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Why do we idolize actors?

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Mark Walberg is that rare actor who knows his place.


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In an interview with Task & Purpose magazine after the historic 2016 Election, he criticized his fellow actors for speaking out on politics as if they are uniquely qualified and their political opinions are important. He said:

“A lot of celebrities did, do, and shouldn’t. You know, it just goes to show you that people aren’t listening to that anyway. They might buy your CD or watch your movie, but you don’t put food on their table. You don’t pay their bills. A lot of Hollywood is living in a bubble. They’re pretty out of touch with the common person, the everyday guy out there providing for their family.”

That got me thinking about why we regard actors as “celebrities”.

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The dictionary defines “celebrity” as:

  1. One who is widely known and of great popular interest.
  2.  Fame or popular renown.

Definitions #1 and #2 both pertain to fame, i.e., of being widely known, but definition #2 also includes “popular renown”. The word “renown” means not just fame, but having a widespread reputation of a good kind; being acclaimed or well-regarded.

Therein lies the problem. Actors, many of whom are highly narcissistic, confuse “fame” — being widely known — with “renown”. And so, in their preening narcissism, they imagine themselves to be special people whose opinions, no matter how uneducated or uninformed, merit the public’s special attention and consideration.

In fact, as Wikipedia explains, traditionally, actors were held in low regard and had low status in society. In the Early Middle Ages, actors were often viewed with distrust as immoral, pagan, and dangerous.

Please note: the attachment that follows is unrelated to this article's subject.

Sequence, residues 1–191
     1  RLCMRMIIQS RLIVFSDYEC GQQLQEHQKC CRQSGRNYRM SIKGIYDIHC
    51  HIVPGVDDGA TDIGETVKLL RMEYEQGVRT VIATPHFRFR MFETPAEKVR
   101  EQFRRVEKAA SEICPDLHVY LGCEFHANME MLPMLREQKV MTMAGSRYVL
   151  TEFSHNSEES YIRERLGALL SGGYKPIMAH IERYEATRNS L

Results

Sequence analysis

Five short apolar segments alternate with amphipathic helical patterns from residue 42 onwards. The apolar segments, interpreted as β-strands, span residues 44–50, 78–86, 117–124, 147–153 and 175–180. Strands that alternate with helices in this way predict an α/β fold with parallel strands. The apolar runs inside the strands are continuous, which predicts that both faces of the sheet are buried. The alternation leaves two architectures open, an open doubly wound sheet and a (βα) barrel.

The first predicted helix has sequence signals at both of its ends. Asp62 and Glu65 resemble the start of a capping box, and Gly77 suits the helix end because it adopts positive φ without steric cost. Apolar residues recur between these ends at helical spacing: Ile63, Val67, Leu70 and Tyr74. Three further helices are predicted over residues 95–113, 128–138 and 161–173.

All that began to change in 1660 with the performance of Restoration comedies in England, which were notorious for their sexual explicitness. This period saw the introduction of the first professional actresses, and the rise of the first celebrity actors. By the 19th century, the negative reputation of actors was largely reversed, and acting became an honored, popular profession and art. That trend greatly accelerated with the introduction of the first motion picture in 1895 and the subsequent rise of Hollywood in the early 20th century, which transformed and continues to make actors into “stars” and “matinee idols”.

The plain fact is that actors are simply people who make a living by portraying a character in a performance, whether in a theater, film, radio or television. In others words, actors are people who are paid to lie — to pretend they are somebody who they are not. That does not make them specially intelligent or specially knowledgeable on anything beyond acting.

But it must be said that actors who imagine their opinions are important, do so with our complicity.

A recent example is the public’s purchase of Cameron Diaz‘s undoubtedly ghost-written book, The Body Book, in which the actress, too stupid to distinguish her vagina — a sex organ inside a woman’s body — from her pubic mound or mons veneris, advises her female readers to leave their vaginas in their natural hairy state. (See “Stupid Hollyweirdo: Cameron Diaz has a hairy vagina“)

Even worse is when Congress brown-nose “celebrities” by inviting them to testify.

As an example, in 1989, on the basis of her having played a farmer in a movie and despite her lack of any scientific credentials, Meryl Streep was invited to testify before a Senate Labor and Human Resources subcommittee against the alleged carcinogen Alar — a chemical sprayed on Washington red apples to keep them red and firm for storage.

Within weeks of Streep testifying before Congress, Uniroyal, the company that manufactured Alar, withdrew the chemical from the U.S. market, followed by the EPA ordering a ban on the chemical’s sale, distribution and use.

While Alar has been verified as a human carcinogen, lab tests found that for it to be dangerous to human health, one would have to ingest an amount that is the equivalent of drinking over 5,000 gallons of apple juice per day. But by then, the Alar scare had cost Washington apple growers $100 million in lost sales.


You should read actor Jason Isaccs’ vicious tweets after Hillary Clinton, whom he supports, lost the election.

Republished with permission Fellowship of the Minds

Viewpoints expressed herein are of the article’s author(s), or of the person(s) or organization(s) quoted or linked therein, and do not necessarily represent those of TCP News

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